Thu, Nov 05, 2015 - Page 11 News List

CD reviews

By JON CARAMANICA and BEN RATLIFF  /  NY Times News Service

StorytellerbyCarrie Underwood


Carrie Underwood

19/Arista Nashville

In recent years, the two poles of female country music could be neatly distilled to Taylor Swift and Miranda Lambert. Swift brought youthful, diaristic intensity to the genre, before leaving it behind to be the world’s pre-eminent pop star. Lambert championed for country’s scrappier side, preserving traditionalist aesthetics while overlaying them with pugnacious feminist storytelling.

It is not quite an insult to say that Carrie Underwood could reasonably play the Broadway version of either of those singers. At the country vocal Olympics, she’s a gold medalist. She had a victorious turn scream-singing on American Idol and has extended it into a victorious scream-singing career in Nashville, in which she has sold approximately 15 million albums, been inducted into the Grand Ole Opry and acted as the longtime co-host (with Brad Paisley) of the Country Music Association Awards.

All she’s missing is the one thing Swift and Lambert have down cold: a fixed identity.

Storyteller is her fifth album, and even though a decade has passed since her debut, Underwood is still preoccupied with power, not texture or finesse. She largely picks songs that serve as launch platforms for her ballistic-missile voice, but they don’t cohere into a whole identity. Her voice is pure, lean, potent — it doesn’t have multiple settings. By tone alone, it can be difficult to divine when she’s ecstatic, or aggrieved, or wretched.

That means Underwood sings with equal intensity on the insipid Heartbeat and The Girl You Think I Am, an unrelentingly treacly song about being daddy’s little girl, as on the breathy, sly Relapse, about falling back into old habits. She calls her lover, in quick succession, “time that I’m wasting,” “some wine that I’m tasting” and “a high that I’m chasing,” in a voice that recalls Lita Ford more than any country singer.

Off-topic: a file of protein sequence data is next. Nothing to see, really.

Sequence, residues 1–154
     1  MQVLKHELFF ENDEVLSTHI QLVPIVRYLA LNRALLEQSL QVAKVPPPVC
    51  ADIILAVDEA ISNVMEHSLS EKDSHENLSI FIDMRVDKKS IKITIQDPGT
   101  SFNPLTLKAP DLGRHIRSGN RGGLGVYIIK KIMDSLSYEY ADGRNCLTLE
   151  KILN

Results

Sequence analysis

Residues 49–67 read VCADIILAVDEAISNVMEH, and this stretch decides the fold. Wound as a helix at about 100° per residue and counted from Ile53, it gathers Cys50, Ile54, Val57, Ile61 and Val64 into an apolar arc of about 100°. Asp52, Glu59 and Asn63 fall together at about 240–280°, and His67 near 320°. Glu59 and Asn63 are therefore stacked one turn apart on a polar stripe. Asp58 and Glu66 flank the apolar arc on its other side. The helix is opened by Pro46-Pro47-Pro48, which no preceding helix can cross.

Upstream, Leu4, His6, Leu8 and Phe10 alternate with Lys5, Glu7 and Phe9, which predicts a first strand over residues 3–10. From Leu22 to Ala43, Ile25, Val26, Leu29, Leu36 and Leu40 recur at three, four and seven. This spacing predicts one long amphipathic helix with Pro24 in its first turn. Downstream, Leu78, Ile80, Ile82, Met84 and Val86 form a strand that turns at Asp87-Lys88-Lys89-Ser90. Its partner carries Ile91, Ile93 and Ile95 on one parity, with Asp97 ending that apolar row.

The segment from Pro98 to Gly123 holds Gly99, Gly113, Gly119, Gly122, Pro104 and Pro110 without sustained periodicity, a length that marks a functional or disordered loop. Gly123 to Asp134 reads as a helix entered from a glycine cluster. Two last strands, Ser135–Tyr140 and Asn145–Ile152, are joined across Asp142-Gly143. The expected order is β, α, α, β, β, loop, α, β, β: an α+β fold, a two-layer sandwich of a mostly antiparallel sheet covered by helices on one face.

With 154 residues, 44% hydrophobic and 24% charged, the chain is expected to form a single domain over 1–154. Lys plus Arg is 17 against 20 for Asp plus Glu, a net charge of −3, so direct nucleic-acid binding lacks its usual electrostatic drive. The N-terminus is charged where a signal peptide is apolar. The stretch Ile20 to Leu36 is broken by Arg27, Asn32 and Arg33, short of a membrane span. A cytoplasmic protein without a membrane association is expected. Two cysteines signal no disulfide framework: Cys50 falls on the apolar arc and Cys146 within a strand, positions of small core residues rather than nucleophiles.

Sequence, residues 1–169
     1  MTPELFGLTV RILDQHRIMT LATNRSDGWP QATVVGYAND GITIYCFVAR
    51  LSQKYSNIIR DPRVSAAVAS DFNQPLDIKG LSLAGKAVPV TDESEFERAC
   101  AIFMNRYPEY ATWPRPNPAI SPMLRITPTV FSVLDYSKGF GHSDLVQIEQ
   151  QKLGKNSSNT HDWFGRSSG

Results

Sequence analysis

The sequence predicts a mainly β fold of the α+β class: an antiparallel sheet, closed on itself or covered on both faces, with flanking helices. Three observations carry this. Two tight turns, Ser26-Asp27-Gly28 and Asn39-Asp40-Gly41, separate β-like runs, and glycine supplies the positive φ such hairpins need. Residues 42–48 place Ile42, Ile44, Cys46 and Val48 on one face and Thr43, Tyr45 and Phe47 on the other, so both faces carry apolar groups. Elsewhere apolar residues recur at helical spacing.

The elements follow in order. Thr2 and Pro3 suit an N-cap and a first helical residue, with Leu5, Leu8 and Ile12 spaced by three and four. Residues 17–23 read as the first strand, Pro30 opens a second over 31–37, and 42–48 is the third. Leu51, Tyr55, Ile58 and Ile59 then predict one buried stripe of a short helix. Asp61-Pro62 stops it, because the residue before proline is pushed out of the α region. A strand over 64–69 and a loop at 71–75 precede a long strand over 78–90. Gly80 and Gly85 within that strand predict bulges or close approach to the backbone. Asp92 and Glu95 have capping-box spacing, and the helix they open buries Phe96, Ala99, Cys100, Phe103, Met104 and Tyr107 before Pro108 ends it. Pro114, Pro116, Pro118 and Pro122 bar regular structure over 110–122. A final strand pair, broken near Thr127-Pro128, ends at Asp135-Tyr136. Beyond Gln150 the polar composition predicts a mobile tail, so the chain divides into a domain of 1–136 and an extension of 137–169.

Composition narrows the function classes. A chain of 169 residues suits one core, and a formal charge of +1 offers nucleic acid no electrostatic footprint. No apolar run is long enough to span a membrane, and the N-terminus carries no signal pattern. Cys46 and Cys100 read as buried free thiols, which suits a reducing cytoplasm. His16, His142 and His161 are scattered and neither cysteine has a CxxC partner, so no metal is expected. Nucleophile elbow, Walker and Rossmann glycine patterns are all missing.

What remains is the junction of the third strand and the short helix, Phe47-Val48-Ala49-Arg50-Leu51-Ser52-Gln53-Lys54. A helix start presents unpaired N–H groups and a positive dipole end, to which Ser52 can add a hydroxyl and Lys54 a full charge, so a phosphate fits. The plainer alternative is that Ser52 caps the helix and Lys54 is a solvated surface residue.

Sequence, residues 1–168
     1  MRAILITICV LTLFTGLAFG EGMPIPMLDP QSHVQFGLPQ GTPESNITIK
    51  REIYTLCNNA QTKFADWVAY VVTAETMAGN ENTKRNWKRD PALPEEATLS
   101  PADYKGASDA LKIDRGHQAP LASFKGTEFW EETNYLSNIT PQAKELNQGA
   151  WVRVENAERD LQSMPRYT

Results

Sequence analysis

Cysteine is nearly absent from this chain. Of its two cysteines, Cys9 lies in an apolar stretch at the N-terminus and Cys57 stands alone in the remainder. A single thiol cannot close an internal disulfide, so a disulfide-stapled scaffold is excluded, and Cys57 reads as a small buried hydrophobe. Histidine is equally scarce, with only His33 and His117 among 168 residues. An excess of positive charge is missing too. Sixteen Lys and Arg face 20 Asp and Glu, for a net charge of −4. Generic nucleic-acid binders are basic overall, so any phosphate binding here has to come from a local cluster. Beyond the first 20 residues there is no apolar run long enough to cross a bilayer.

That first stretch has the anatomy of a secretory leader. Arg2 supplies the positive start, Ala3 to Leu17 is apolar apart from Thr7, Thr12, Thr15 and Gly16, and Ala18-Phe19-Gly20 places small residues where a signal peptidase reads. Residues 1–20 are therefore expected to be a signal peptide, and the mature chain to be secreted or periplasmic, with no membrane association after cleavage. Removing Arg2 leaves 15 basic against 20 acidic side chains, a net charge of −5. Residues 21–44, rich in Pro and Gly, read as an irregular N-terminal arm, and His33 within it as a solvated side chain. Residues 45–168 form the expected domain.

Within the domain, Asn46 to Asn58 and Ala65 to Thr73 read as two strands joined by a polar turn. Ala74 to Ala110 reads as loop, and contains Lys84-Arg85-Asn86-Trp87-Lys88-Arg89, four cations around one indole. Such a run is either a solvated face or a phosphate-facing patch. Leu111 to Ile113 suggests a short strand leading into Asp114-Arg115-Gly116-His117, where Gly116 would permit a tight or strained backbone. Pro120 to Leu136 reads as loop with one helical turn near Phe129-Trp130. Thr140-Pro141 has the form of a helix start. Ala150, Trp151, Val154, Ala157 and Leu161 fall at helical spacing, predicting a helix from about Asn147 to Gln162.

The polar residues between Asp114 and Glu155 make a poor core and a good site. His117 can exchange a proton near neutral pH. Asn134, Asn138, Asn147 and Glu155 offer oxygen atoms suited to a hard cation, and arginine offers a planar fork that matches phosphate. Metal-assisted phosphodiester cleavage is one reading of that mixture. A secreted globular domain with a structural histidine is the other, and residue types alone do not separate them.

If Underwood has developed a thematic specialty, it’s the woman-done-wrong anthem. The ones on this album are some of the better songs here. Dirty Laundry finds her catching her man in lies, and Church Bells is a worthy addition to country’s proud line of songs about domestic violence:

Everyone thought they were Ken and Barbie

But Ken was always getting way too drunk

Saturday night after a few too many

He came home ready to fight

And all his money could never save Jenny

From the devil living in his eyes

It was all bruises covered in makeup, dark sunglasses

And that next morning sitting in the back pew

Praying with the Baptists

Although the song is elegantly structured and technically impressive, it still lacks bite or pulp. It’s tough not to wonder what Lambert might have done with it.

— JON CARAMANICA, NY Times News Service


Joanna Newsom

Drag City

Why Divers as an album title? Because its lyrics contain diving as a metaphor for love and moving through time. Maybe, also, because that is the Middle English spelling of diverse, a word that hints at the multiplicity in Joanna Newsom’s work. She plays the harp using polyrhythms; the sound of her music reflects the serious singer-songwriter folk-pop of the 1970s, American folk traditions, art song and operetta. Her voice is a wild bunch of tonal shadings, and her compositions tend to move through several strains. And maybe, also, “Divers” because this rather brilliant record is heaving you into the deep end. You might as well go headfirst.

This story has been viewed 3434 times.

Comments will be moderated. Keep comments relevant to the article. Remarks containing abusive and obscene language, personal attacks of any kind or promotion will be removed and the user banned. Final decision will be at the discretion of the Taipei Times.

TOP top